Small Wars Journal

CCO Interview with Colonel Peter Mansoor

10 Questions for Colonel Peter Mansoor, USA (Ret.)

Reposted here in full with permission of the Consortium for Complex Operations with a hat tip to Dan Troy.

COL (Ret.) Pete Mansoor is currently the Raymond E. Mason Jr. Chair in Military History at The Ohio State University. COL Mansoor retired this past summer after more than 26 years in the United States Army. Most recently, he served as Executive Officer to General David Petraeus, then Commander MNF-I. Prior to holding that position, COL Mansoor served on a Council of Colonels that advised the Joint Chiefs of Staff on a new strategy for Iraq and was the founding director of the US Army/USMC Counterinsurgency Center at Fort Leavenworth, KS, where his team assisted in the final revision process of Counterinsurgency Field Manual 3-24.

COL Mansoor recently released Baghdad at Sunrise: A Brigade Commander's War in Iraq, a memoir of his time leading the 1st Brigade Combat Team, 1st Armored Division, in Baghdad from 2003-2004. COL Mansoor recently agreed to be interviewed by the CCO on his new book and the counterinsurgency lessons he learned during his first tour in Iraq.

Q1. A number of commentators have mentioned a lack of civil-military coordination in Iraq between 2003-2005 that resulted in money going to local governments that still supported the insurgents, thereby undercutting the plan for bringing security to the region. Brian Linn, whom you quote in your book, wrote about something similar happening in the Philippines last century, where officials assumed that a region had been cleared of insurgents simply because it was pacified. As a result, reconstruction money ended up filling the coffers of the insurgency. You discuss your successes and difficulties with civil-military cooperation during your time there in 2003-2004. Did you find that civil-military coordination had improved between then and when you returned in 2007?

A1. The big problem early in the war was the serious disconnect between the military and civil authorities in Baghdad. The Coalition Provisional Authority and CJTF-7 failed to coordinate their activities in any meaningful way. At the brigade level and below, we had very little contact with CPA officials, who often spent money with little or no input from those of us on the ground with the best situational awareness. The lack of a civilian presence at the brigade combat team level meant that CPA (and later, U.S. Embassy) officials had only sporadic contact with the Iraqi people, so it is not surprising that local leaders were able to play both sides of the fence in some instances. The great leap forward in 2007 was the embedding of provincial reconstruction teams into brigade combat team headquarters, which led to much better synergy between civilian experts and military leaders as the surge progressed.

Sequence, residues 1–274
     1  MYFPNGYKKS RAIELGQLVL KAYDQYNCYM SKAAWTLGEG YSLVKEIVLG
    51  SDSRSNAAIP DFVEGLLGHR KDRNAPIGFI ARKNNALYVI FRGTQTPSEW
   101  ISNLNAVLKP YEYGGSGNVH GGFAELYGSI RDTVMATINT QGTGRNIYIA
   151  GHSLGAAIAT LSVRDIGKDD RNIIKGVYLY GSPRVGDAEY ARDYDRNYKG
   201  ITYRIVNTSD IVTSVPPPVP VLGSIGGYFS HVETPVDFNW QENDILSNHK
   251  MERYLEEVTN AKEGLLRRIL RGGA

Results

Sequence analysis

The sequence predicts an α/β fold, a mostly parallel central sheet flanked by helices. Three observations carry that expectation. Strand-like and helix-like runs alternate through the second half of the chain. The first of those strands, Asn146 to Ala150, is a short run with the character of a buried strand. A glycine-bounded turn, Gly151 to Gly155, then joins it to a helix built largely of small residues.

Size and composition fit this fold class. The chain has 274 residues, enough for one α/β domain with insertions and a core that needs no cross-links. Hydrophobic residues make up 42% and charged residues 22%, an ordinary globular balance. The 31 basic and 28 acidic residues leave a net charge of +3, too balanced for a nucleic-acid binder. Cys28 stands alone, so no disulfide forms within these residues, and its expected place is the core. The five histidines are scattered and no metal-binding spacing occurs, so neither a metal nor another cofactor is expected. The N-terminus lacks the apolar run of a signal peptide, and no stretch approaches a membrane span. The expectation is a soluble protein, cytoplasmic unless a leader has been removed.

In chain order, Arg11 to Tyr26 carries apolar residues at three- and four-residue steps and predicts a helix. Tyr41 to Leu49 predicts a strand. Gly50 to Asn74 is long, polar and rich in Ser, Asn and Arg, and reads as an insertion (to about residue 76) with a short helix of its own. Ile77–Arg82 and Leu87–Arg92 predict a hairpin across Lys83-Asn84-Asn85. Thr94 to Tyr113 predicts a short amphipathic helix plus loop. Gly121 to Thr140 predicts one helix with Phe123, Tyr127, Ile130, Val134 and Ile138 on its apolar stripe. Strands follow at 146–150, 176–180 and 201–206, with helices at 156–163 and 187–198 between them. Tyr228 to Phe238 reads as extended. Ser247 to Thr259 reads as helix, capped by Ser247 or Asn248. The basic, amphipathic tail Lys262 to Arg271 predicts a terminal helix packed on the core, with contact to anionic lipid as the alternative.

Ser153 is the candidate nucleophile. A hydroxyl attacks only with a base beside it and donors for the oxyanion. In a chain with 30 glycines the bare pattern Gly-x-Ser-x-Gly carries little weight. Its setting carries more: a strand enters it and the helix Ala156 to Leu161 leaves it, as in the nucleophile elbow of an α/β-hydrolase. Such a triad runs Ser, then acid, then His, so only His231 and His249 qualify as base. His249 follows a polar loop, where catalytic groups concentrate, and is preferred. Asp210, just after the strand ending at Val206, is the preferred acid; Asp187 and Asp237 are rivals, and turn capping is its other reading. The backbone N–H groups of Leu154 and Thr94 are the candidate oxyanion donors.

Q2. You argue that the political maxim, "all politics is local" should have been applied to creating governance structures at the local level as a way of building democracy. You mention the importance of "building indigenous security structures to shoulder the burden of the counterinsurgency struggle." Although the situation may have been different if the Iraqi Army had not been disbanded in 2003, does this maxim about starting at the local level apply to creating security and security forces as well? Given that there were no Iraqi security structures at any level from May 2003, should security, and security structures, have been built from the local level as was later done with the Sons of Iraq in Anbar in 2007 and 2008, or should it have been done from the central government (in this case, the CPA)?

A2. Disbanding the Iraqi army was a serious strategic mistake that created the military conditions for the spread of the insurgency. We dishonored, disenfranchised, and disrespected tens of thousands of Iraqi officers, many of whom ended up forming the military backbone of the insurgency (at least initially). When my brigade combat team arrived in Iraq, the decision to disband the Iraqi army had already been made. Given this course of action, the best thing to do would have been to focus on building the Iraqi police from the ground up. Neighborhood police would have provided the security at the local level that the Iraqi people needed. Building police from the ground up would have required a different organizational construction in our military forces, however. Instead of centralizing military police assets at a brigade headquarters located at Baghdad International Airport, for instance, we could have decentralized military police companies and battalions under the control of brigade combat team commanders, who could then have been given the responsibility of creating police forces in their areas. The tension between centralization and decentralization of assets was an issue that played out in a number of areas in 2003-2004, and unfortunately centralization usually won out.